In trying to understand current conditions, it’s sometimes interesting to turn back the clock to see what was forecast for the period we’re currently occupying. To that end, I found this 14-month old set of predictions from ComputerWorld (7/18/2008) pretty interesting “Study: IT jobs will drop in 2009.” Conducted by Goldman Sachs — itself on a bit of a roller-coaster ride in the last year as well — the study makes some interesting observations and predictions. Let’s take a look at how these have withstood the moderate test of time in the interim:
- IT jobs, in particular jobs for IT contractors, were projected to experience a pinch/reduction. Careful attention to the Employment Situation summaries for each month in 2009 shows this to be both true and painful, especially to those caught in that very pinch, which has indeed affected contractors, service companies, and in-house IT staff across the board.
- Hardware outlays were projected to drop significantly. This one gets a mixed result, thanks to real and definite cutbacks in new hardware outlays for desktop PCs, servers, and all kinds of infrastructure gear. But Windows 7 seems to be stimulating interest, and may still bring some modest relief to the hardware sector before the year is out. That said, I don’t see any big corporate adoptions occurring until late 2010 or perhaps even into 2011. We’ll see!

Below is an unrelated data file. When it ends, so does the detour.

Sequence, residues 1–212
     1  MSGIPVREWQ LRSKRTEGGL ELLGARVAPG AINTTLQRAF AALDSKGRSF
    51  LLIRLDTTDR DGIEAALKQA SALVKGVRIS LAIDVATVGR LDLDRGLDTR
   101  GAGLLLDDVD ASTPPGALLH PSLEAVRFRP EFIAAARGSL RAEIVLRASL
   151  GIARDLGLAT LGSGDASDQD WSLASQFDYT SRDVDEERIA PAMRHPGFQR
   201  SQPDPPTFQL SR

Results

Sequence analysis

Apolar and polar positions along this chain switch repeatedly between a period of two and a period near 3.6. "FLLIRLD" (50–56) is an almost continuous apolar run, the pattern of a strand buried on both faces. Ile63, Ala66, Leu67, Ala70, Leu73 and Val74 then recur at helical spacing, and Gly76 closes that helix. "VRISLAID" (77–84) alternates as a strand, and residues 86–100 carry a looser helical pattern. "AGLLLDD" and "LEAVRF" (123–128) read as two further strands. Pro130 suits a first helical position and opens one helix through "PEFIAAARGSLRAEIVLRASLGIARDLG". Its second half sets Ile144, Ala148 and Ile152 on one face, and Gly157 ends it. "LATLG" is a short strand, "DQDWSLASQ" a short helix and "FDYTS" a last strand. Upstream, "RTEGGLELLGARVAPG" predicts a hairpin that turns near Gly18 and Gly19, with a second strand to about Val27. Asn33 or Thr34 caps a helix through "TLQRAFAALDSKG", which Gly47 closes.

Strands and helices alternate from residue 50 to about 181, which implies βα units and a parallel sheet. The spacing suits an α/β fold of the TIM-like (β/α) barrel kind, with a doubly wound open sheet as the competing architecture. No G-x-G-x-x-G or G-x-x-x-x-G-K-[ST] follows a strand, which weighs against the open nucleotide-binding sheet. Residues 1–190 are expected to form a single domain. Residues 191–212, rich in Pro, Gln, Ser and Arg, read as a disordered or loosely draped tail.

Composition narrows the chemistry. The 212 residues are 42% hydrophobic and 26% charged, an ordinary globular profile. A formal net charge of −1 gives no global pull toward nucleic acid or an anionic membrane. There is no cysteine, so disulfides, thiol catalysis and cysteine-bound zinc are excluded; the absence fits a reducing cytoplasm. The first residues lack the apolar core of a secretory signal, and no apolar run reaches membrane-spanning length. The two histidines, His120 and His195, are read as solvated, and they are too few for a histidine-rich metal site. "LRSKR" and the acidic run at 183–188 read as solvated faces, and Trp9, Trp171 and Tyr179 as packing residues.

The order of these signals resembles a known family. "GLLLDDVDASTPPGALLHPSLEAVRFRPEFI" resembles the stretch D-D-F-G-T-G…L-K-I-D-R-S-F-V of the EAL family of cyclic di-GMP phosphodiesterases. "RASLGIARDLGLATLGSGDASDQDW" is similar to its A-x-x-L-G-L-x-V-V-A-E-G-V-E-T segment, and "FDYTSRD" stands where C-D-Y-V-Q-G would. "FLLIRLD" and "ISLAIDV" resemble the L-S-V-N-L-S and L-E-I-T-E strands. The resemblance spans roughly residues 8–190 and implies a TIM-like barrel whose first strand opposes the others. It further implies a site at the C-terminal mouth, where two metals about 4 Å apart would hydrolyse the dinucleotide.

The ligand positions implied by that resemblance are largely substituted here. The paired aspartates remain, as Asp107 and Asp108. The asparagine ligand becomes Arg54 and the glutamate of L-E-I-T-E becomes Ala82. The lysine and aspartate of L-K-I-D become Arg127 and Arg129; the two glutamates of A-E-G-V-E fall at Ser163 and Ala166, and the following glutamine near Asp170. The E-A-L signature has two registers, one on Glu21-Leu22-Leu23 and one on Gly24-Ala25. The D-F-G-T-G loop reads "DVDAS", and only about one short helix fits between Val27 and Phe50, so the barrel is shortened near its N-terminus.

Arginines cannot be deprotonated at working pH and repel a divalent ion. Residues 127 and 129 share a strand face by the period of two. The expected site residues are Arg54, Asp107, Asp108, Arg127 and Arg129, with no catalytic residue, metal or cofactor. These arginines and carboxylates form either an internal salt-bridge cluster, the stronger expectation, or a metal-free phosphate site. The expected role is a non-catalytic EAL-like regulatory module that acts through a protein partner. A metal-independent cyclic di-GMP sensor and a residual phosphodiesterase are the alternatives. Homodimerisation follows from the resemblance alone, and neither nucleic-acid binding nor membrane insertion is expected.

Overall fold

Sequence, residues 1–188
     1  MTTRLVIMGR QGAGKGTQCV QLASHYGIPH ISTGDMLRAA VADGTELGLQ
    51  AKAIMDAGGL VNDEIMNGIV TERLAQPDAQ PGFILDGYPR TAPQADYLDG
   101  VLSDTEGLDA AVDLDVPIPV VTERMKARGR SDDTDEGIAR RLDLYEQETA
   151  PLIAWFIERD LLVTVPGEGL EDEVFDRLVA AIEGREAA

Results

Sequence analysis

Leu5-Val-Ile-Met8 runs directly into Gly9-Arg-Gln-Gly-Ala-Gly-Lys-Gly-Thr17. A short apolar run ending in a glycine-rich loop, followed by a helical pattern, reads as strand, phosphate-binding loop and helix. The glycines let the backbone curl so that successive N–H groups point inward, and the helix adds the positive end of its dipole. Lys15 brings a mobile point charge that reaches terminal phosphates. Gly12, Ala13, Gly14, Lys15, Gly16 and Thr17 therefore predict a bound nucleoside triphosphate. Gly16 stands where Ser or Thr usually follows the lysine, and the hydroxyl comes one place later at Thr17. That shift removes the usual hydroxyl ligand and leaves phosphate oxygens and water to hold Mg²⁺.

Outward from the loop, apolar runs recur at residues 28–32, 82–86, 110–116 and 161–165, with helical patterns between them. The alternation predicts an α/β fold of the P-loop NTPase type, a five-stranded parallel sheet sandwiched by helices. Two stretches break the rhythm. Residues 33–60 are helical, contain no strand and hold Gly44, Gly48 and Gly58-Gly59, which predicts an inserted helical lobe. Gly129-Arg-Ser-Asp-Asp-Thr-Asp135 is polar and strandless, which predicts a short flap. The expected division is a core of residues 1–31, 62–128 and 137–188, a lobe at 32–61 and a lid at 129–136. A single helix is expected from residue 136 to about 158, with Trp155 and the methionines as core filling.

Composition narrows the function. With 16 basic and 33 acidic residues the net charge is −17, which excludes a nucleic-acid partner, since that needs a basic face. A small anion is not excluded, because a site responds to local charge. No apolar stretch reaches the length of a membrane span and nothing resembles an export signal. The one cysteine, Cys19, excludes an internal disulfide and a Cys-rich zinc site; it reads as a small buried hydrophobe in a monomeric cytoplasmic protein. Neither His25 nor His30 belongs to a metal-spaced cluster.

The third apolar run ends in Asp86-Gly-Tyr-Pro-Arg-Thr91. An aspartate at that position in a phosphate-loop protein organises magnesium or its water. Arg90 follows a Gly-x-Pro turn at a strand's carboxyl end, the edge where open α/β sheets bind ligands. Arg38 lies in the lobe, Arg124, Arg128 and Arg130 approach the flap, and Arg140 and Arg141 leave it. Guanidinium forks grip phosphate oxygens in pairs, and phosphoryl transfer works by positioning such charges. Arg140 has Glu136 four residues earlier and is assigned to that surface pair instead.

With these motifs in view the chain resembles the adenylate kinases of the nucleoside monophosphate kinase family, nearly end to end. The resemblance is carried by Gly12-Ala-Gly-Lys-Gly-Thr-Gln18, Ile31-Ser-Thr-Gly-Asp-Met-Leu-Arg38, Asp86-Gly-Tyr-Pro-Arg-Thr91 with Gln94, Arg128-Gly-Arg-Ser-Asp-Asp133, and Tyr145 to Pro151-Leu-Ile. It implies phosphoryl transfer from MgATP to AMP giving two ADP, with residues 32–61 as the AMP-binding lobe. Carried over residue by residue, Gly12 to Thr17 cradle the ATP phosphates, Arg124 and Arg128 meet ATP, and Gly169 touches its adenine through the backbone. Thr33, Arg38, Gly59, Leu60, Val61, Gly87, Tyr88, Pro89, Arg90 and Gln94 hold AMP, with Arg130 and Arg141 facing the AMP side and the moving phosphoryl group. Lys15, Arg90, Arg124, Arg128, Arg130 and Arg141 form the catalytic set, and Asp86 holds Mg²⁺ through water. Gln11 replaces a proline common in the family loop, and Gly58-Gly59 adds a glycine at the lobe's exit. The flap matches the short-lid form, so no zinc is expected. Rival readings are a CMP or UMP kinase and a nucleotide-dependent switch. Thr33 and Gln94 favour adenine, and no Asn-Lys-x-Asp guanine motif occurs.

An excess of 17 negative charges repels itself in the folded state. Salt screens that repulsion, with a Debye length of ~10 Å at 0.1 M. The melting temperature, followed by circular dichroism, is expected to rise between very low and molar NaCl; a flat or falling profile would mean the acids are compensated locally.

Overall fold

- Cloud computing generates lots of interest, but not much traction or deployments. Here again, I see mixed results in that although adoptions and implementations haven’t been as aggressive or pervasive as they probably would have been in better economic times, they haven’t been exactly moribund either, contrary to the Goldman Sachs prediction that uptake would be very slow in 2009, mostly because CIOs and execs don’t “get” the value of cloud computing. Not so, says this sector, which is one of the few relatively bright technology spots shining on the IT landscape right now.
What kinds of trends did you expect to see for 2009 and IT employment/activity? What turned out as you expected, and what didn’t? Post here to share your observations of what remains a dicey situation, where “stay put” remains the mantra for those still lucky enough to have jobs in IT.